President Obama and Vice President Biden are speaking at the University of Tampa during a town hall meeting Thursday, Jan. 28, beginning at 12:30 p.m., to announce the recipients of $8 billion in ARRA (American Recovery and Reinvestment Act) high speed rail grants awarded by the Federal Railroad Administration. According to the Tampa Bay Business Journal, the event is open to the public, with a limited number of tickets available. Announcements will be made concurrently in other states.
The White House has confirmed that the grants will be announced Thursday. “Thirteen major corridors will receive awards on Thursday to help develop new high speed rail infrastructure or begin the transition to high speed rail,'” the White House said in a statement. “In addition, smaller awards will also be made for improvements to portions of existing rail lines. Overall, 31 states will benefit from the awards, which will lay the groundwork for a nationwide high speed rail system. The $8 billion in Recovery Act awards is part of an overall $13 billion high speed rail investment the President announced last year as part of his strategic plan for high speed rail. The other $5 billion would be funded through the annual budget process.”
Why Florida for Obama’s high speed rail announcement? One Florida legislator, Democratic Congresswoman Kathy Castor from the 11th District (which includes Tampa), distributed a press release today that claims the HSR project in her state—essentially, the Orland-Tampa segment of the FOX (Florida Overland eXpress) project, killed by former Governor Jeb Bush, but now dusted off and polished—will receive federal grant money. Obama and Biden will announce a “monumental” jobs initiative involving the ARRA and $8 billion in HSR grants, Castor’s release said. “President Obama wants to increase the pace of recovery. Creation of thousands of jobs for Floridians will accelerate better times in Florida. Construction workers will be needed to build rail lines. Engineers will be needed to lay the groundwork. Operations and maintenance workers will be needed to keep the line running smoothly. The ripple effect cannot be understated.” Castor said she is traveling with Obama on Air Force One from Washington to Tampa for the event. Florida has requested $2.5 billion.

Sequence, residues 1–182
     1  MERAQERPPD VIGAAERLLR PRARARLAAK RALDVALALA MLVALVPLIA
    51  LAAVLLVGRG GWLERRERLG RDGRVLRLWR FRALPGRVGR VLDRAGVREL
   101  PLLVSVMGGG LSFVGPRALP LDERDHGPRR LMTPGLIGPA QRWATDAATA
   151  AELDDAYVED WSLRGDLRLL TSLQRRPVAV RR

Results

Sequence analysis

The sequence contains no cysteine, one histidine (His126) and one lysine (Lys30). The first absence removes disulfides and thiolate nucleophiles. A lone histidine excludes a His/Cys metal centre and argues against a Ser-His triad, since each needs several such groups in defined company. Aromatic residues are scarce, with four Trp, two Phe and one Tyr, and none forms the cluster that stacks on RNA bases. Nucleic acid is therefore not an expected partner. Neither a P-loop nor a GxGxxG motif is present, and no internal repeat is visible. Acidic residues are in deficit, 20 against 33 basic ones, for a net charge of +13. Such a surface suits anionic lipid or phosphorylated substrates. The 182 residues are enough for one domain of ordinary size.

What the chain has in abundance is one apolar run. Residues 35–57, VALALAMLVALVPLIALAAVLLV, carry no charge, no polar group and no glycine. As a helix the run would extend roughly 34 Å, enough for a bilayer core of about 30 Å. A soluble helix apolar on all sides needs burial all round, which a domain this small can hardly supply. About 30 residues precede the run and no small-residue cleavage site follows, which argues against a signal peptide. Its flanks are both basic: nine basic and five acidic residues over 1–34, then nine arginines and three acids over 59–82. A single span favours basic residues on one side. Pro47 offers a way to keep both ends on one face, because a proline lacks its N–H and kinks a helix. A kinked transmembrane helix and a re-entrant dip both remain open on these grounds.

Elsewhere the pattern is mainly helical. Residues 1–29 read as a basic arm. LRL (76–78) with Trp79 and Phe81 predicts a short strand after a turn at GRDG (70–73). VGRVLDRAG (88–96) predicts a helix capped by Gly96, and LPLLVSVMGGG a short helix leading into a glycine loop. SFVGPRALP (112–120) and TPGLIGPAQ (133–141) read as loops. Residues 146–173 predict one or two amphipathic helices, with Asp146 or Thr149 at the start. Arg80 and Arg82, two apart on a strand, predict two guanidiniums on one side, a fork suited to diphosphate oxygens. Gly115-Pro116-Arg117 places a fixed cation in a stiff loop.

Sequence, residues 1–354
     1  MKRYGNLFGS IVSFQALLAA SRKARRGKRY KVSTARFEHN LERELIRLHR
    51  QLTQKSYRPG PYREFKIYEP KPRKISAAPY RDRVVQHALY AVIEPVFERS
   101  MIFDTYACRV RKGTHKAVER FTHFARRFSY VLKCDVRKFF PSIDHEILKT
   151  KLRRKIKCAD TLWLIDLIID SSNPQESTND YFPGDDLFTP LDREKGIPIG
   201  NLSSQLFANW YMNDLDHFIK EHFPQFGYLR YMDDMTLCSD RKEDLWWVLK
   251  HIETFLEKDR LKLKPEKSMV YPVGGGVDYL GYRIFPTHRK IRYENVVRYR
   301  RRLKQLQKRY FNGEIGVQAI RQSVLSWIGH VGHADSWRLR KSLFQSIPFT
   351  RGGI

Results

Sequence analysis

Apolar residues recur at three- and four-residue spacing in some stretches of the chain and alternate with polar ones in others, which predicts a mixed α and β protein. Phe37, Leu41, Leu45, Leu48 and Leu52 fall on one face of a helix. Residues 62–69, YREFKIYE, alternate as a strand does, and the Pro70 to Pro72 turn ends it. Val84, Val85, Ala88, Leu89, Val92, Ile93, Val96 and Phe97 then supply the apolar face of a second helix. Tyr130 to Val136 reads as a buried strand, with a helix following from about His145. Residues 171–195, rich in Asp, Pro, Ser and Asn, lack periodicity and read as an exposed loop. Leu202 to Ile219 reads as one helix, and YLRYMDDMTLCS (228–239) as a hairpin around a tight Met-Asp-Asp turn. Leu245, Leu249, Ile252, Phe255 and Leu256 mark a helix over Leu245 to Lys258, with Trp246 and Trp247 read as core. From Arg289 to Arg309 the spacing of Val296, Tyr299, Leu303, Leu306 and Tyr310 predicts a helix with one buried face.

Other local news outlets expressed optimism for Florida’s chances. “As widely assumed, President Obama will use Thursday’s visit to Tampa to announce that Florida has secured high speed rail funding,” said the St. Petersburg Times. “A White House official did not say how much of the total $8 billion in stimulus funds Florida will get. The state asked for $2.5 billion for the line that would run from Orlando to Tampa and, possibly, Miami. Florida officials were optimistic the state would get most, if not all, of the $2.5 billion requested. . . . Obama will allude to the high speed rail initiative Wednesday night during his State of the Union address, but the details will not be released until Thursday.”
According to Bloomberg News, “Obama will give $8 billion in economic stimulus money to 13 U.S. rail corridors tomorrow, mostly for high speed passenger service, an Administration official said. The money will benefit 31 states, including a small portion of the $8 billion that will go to improvements of existing [freight] rail lines, the official said. In addition to Florida, leading contenders for funds include Illinois, California, and Amtrak's Northeast Corridor.”
APTA President Bill Millar said the announcement of the first federal grants for high speed rail “is the beginning of our nation’s journey in implementing high speed rail and higher speed rail and creating a world-class, multi-modal transportation system. This time will be remembered as the beginning of a new era in transportation. . . . These grants . . . mean that we are much closer to a world-class transportation system that demonstrates the vision of a connected America. They put us on the right track to connecting our transportation network so that people can take high speed rail and easily transfer to local public transportation services to reach their destination.”
Said National Association of Railroad Passengers Executive Director Ross capon, “NARP urges the Administration to further strengthen its commitment by investing at least $4 billion annually for intercity passenger trains. Congress took a first step by including $2.5 billion for high speed rail in the regular 2010 appropriations law. Twenty-four states demonstrated pent-up demand for intercity passenger train funding by inundating the Federal Railroad Administration (FRA) with 45 applications totaling about $50 billion. In addition, FRA received 214 applications from 34 states totaling $7 billion for corridor planning and smaller projects. We encourage those states whose projects were not selected to resubmit applications in the future.”
So, just how far will 8 billion go? The President will
answer that question tomorrow.